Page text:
3 US aerospace primes actively facing off for Navy’s next-gen strike fighter, F/A-XX

Nimitz Conducts Flight Operations

An F/A-18E Super Hornet, from the “Kestrels” of Strike Fighter Squadron (VFA) 137, makes an arrested gear landing on the aircraft carrier USS Nimitz (CVN 68). (U.S. Navy photo by Mass Communication Specialist 2nd Class Justin McTaggart)

WASHINGTON — Three top American aerospace defense contractors are competing to build the aircraft for the Navy’s secretive next-generation strike fighter program, while two others seek to produce the engine, the service confirmed to Breaking Defense today.

According to a Sunday report from Aviation Week, Boeing, Lockheed Martin and Northrop Grumman are all vying to build the aircraft slated to replace the Navy’s F/A-18 fleet. The same report identified Pratt & Whitney and GE Aerospace as the engine competitors.

In response to a request for comment from Breaking Defense, a Navy spokesperson said “F/A-XX has recently completed the Concept Refinement Phase and has entered Design Maturation. Navy confirms that Boeing, Lockheed Martin, Northrop Grumman, GE Aerospace, and Pratt & Whitney are industry participants in the F/A-XX Program.”

The service “has identified operational reach, capacity, long range kill chains, autonomy, and next generation survivability as key enablers in the Air Wing of the Future and supporting Family of System,” the spokesperson added.

Boeing declined to directly confirm it was in the competition, but provided a statement from Steve Nordlund, vice president and general manager at Boeing Air Dominance in which he said, “Boeing fighters are the backbone of today’s carrier air wing, and we’re using what we’ve learned to inform the multi-billion dollar strategic investment we’re making in advanced open mission systems and brand new, all-digital factories of the future.”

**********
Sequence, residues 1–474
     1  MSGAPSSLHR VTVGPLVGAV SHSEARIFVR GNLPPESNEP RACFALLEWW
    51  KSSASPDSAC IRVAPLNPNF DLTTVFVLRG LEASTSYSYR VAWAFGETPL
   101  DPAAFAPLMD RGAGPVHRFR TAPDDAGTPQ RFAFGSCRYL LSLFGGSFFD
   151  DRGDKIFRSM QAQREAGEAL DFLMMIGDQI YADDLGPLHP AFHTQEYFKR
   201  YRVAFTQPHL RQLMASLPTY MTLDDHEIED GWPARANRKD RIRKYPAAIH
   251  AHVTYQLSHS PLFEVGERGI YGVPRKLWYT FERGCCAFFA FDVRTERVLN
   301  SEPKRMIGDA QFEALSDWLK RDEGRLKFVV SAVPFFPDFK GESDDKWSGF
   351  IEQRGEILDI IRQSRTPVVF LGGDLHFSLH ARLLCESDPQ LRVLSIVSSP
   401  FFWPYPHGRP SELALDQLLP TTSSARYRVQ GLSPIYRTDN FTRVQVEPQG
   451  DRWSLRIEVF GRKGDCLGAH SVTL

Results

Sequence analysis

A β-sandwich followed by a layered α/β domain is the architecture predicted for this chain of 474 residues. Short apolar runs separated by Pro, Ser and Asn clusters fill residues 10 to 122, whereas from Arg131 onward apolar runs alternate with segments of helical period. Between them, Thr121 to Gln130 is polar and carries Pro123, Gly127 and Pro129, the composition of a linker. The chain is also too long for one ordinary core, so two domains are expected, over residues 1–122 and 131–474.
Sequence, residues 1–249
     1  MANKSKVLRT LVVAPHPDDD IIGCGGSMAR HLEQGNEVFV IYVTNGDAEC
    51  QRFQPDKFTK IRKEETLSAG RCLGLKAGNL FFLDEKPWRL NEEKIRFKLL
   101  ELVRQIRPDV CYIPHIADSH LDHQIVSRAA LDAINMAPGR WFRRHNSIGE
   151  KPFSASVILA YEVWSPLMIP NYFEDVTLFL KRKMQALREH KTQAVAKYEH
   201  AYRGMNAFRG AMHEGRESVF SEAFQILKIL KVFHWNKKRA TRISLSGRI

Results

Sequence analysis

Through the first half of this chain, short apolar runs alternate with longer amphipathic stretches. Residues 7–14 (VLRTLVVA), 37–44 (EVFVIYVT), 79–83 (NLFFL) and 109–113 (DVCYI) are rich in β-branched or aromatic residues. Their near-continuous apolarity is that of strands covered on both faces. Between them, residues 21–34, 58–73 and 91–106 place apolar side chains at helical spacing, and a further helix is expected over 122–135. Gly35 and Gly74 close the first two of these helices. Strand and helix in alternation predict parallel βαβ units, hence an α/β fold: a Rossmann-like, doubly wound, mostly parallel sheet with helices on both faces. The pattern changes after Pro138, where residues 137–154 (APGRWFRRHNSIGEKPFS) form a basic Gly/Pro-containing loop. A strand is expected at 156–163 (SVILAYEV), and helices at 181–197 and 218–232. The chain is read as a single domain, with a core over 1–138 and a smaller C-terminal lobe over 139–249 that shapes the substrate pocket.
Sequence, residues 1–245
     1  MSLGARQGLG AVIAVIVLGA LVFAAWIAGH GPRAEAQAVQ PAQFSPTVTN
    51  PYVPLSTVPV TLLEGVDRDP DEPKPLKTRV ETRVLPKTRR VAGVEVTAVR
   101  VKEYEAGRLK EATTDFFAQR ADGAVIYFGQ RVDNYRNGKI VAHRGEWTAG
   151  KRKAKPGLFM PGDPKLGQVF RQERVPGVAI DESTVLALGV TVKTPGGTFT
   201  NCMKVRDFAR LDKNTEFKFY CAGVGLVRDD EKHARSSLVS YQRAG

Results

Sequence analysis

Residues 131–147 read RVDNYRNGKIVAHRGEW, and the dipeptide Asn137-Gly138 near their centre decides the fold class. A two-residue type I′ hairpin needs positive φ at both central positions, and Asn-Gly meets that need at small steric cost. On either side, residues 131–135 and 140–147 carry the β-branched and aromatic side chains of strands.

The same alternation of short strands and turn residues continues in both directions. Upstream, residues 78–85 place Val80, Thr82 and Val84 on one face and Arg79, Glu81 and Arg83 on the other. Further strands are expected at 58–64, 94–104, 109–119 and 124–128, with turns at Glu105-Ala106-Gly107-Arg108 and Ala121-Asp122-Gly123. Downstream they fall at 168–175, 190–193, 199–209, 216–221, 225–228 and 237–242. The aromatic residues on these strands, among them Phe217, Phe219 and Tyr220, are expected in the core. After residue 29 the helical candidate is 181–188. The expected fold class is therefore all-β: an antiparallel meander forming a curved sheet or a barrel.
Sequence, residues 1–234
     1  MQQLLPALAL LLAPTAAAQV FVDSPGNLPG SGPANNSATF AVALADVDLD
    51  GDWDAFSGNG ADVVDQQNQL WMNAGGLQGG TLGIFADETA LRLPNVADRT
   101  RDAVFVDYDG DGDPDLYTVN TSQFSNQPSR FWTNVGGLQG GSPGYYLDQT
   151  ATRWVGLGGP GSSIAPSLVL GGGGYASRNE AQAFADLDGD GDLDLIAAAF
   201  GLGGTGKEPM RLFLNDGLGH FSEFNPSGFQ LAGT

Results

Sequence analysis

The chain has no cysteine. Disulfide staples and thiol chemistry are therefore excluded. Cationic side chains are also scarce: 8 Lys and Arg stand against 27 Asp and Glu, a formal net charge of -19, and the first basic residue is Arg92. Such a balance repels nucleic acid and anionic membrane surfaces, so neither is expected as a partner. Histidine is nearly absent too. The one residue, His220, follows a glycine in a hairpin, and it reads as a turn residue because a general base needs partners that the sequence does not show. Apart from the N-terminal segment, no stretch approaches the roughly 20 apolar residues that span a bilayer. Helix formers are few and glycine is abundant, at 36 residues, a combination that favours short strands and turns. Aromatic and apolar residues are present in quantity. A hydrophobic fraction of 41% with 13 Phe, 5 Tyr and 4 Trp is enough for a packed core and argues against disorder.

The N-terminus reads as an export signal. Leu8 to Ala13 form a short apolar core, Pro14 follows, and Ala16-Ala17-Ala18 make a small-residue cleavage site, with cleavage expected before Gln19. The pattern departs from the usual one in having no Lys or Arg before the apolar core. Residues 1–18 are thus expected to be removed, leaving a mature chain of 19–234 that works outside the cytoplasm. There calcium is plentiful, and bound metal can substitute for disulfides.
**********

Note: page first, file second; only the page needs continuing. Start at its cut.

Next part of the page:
“We are fully committed to helping the US Navy achieve its future vision,” he said in the statement.

A spokesperson for Northrop Grumman confirmed to Breaking Defense the company is participating in the development work for the Navy’s F/A-XX efforts, but did not elaborate. However, earlier this this summer, Northrop CEO Kathy Warden indicated that the company was pursuing the Navy’s fighter effort. And Tom Jones, president of Northrop’s Aeronautics Systems, told Aviation Week that “Our focus and investment in digital engineering, advanced manufacturing and legacy in designing and fielding aircraft with advanced mission systems allow us to rapidly design, execute, and sustain current and future systems.”

A spokesperson for Pratt & Whitney confirmed the company is participating in the program but did not offer any further comments. Spokespeople for Lockheed Martin and GE Aerospace did not respond to requests for comment by press time.

The program to build the Navy’s next strike fighter is formally called “Next Generation Air Dominance” — the same name the Air Force has given its next-gen fighter, albeit a separate effort — and is largely shrouded in secrecy. In recent budget requests, the Navy has said it wants to prioritize funding the research and development of NGAD over the continued production of F/A-18 Super Hornets, a decision that received a poor reception from members of Congress whose districts benefit economically from the legacy aircraft’s factories.

Development of the Air Force’s NGAD fighter is thought to be ahead of the Navy’s, with an award planned for next year. Northrop’s Warden recently disclosed the company is not competing for that sixth-gen jet. It is believed that Lockheed and Boeing are the sole competitors for the Air Force program, though neither has said so publicly.

Meanwhile, Pratt and GE are also separately vying to build the Air Force NGAD’s engine, with a top service official recently sharing new plans to have both companies build powerplant prototypes.

Air Force Secretary Frank Kendall has said that his service’s NGAD fighter will likely cost “multiples” of the F-35, and that early plans are to buy 200 copies of the pricey plane. The fighter, set to replace the F-22 beginning in the 2030s, will enjoy greater government control of data rights, Kendall has said, and will be built using a growing pool of “non-traditional” vendors.

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